By Mathias Wasik. LGBT Solidarity Rally in front of the Stonewall Inn in solidarity with every immigrant, asylum seeker, refugee and every person impacted by Donald Trump’s illegal, immoral, unconstitutional and un-American executive orders. CC-BY-SA 2.0.
It is a pleasure to be able to share with you this special issue of PoLAR. This issue
once again showcases the breadth of topics being explored within the context of political
and legal anthropology. Familiar topics such as courtroom dynamics, rights claims, and
the politics of citizenship take on new significance as they are explored in less familiar
contexts, ranging from infrastructure and sartorial practices to religious conversion and
the ecological impact of extractive energy economies. New takes on the familiar may also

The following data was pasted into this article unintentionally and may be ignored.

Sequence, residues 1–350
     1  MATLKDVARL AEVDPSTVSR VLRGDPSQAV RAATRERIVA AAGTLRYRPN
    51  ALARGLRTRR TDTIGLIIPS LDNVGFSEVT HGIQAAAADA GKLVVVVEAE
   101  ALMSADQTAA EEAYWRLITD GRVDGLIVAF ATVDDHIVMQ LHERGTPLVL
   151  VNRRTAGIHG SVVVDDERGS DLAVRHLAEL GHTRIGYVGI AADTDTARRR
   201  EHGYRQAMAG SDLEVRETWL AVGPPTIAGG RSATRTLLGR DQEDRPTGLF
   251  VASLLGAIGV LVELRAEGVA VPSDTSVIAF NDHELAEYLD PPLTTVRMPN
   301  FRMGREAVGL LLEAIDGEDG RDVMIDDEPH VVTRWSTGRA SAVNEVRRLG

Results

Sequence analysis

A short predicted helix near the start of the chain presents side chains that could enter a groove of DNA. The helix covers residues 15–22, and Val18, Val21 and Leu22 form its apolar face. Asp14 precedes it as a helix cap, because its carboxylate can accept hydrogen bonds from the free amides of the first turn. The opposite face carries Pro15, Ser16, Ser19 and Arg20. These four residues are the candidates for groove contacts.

be found in this issue’s methodological reflection on the practicalities of “studying up,”
an approach that continues to challenge conventional ways of doing anthropology even
decades after its proposal. Geographic diversity continues to be on display here as well,
with articles covering happenings in Africa, North America, the Caribbean, and beyond.
All of this serves as a vital reminder that, even as conventional news reporting tends to
restrict the domain of politics to the actions of state officials, the bounds of the political
extend well beyond these familiar fora of power. Indeed, as every contribution to this issue
shows, it is in these less familiar places that the legal and the political are continuing to be
William Garriott and Heath Cabot